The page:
Polio disease eradicated in Africa


The Africa Regional Certification Commission has declared Africa free of Wild Polio.

The feat is attributed to the strong cooperation between national governments and global donors in effort to achieve a polio-free world. 47 African countries who are part of the World Health Organization were certified 'free of wild poliovirus.'

What about polio?

Polio affects children under the age of five, often resulting in irreversible paralysis. Remote areas around Pakistan and Afghanistan are where it still remains.

According to medics, there is no cure for polio but there is a vaccine. Polio spreads easily from person to person through water that is contaminated. Paralysis sets in once it attacks the nervous system. One out of 200 infections reaches the paralysis stage, 5-10% of which result in death from immobilization of the breathing muscles.

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Thus far, two of the three polio strains have been eliminated globally. Africa had a few pockets of the last strand - which has also been eradicated. Over 95% of Africa’s population has been immunized from polio. This was one milestone set by the Africa Regional Certification Commission before claiming victory over wild polio.

Polio in Africa 

Nigeria was the last country to rid itself of wild polio, having accounted for half of all global cases barely 10 years ago, prompting a relentless eradication campaign. An ambitious vaccination and surveillance public health drive took place to reach the most remote areas of the country, even resulting in the deaths of health workers in areas under the control of Islamist militias.

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Kick Polio Out of Africa campaign 

Kick Polio Out of Africa Campaign’ was launched in 1996 by Nelson Mandela. The ambitious programme mobilized millions of health workers who went from village to village hand-delivering the polio vaccine. Rotary International was one of the main backers of the initiative since the 1980s.

Back then Wild Polio paralyzed over 75,000 children annually. Since the 1996 campaign began, billions of oral polio vaccines have been delivered averting over a million cases. No new case has been reported since August 2016, prompting the Independent Africa Regional Certification Commission to call in the victory.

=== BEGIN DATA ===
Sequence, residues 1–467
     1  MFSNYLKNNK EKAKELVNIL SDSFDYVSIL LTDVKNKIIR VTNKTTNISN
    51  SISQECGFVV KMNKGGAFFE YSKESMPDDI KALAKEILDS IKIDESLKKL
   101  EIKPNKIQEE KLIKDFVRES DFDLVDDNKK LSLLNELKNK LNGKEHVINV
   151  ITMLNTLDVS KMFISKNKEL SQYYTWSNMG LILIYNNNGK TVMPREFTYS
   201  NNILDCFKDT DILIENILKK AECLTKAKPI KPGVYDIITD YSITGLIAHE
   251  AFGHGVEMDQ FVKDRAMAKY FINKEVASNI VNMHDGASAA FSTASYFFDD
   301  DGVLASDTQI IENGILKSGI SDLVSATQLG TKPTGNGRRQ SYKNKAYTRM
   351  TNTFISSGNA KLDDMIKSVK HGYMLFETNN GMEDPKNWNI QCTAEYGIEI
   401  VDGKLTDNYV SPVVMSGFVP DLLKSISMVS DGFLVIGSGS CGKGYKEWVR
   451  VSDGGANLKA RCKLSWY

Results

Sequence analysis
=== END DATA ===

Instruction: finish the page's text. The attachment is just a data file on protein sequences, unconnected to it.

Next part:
What is vaccine-derived polio?

At the moment, only the vaccine-derived polio strain remains in the continent. 177 cases were reported this year alone. This form of the virus mutates from the oral polio vaccine and can easily spread to those communities that are under-immunized. The WHO has identified a few such cases in the Democratic Republic of the Congo, Nigeria, Central African Republic, and Angola.

Challenges faced in Nigeria’s anti-polio drive

The last areas where polio might exist are in areas with communities that are almost impossible to access let alone deliver immunization. It is no surprise that the last reported case of polio was in Nigeria’s Northeast state of Boro, where the Boko Haram insurgency was centered. Outside Nigeria, the other place where such a case was reported was in Puntland 2014. 

Conflict and war have made far-flung areas such as Borno State impractical to reach. Over two million people have been displaced from their homes. Health workers have had to use creative ways to deliver vaccines. Another setback to the immunization drive was misinformation and rumors on the virus. 

In 2002, Kano and several other northern states halted the immunization drive after Muslim religious leaders claimed that the virus had an anti-fertility agent added by the American government to make Muslim women infertile. Independent lab tests carried out in Nigeria dismissed those allegations. 2013 was a very low moment for morale after 9 female polio health workers were gunned down in shootings across Kano, which were linked to the Boko Haram militia.

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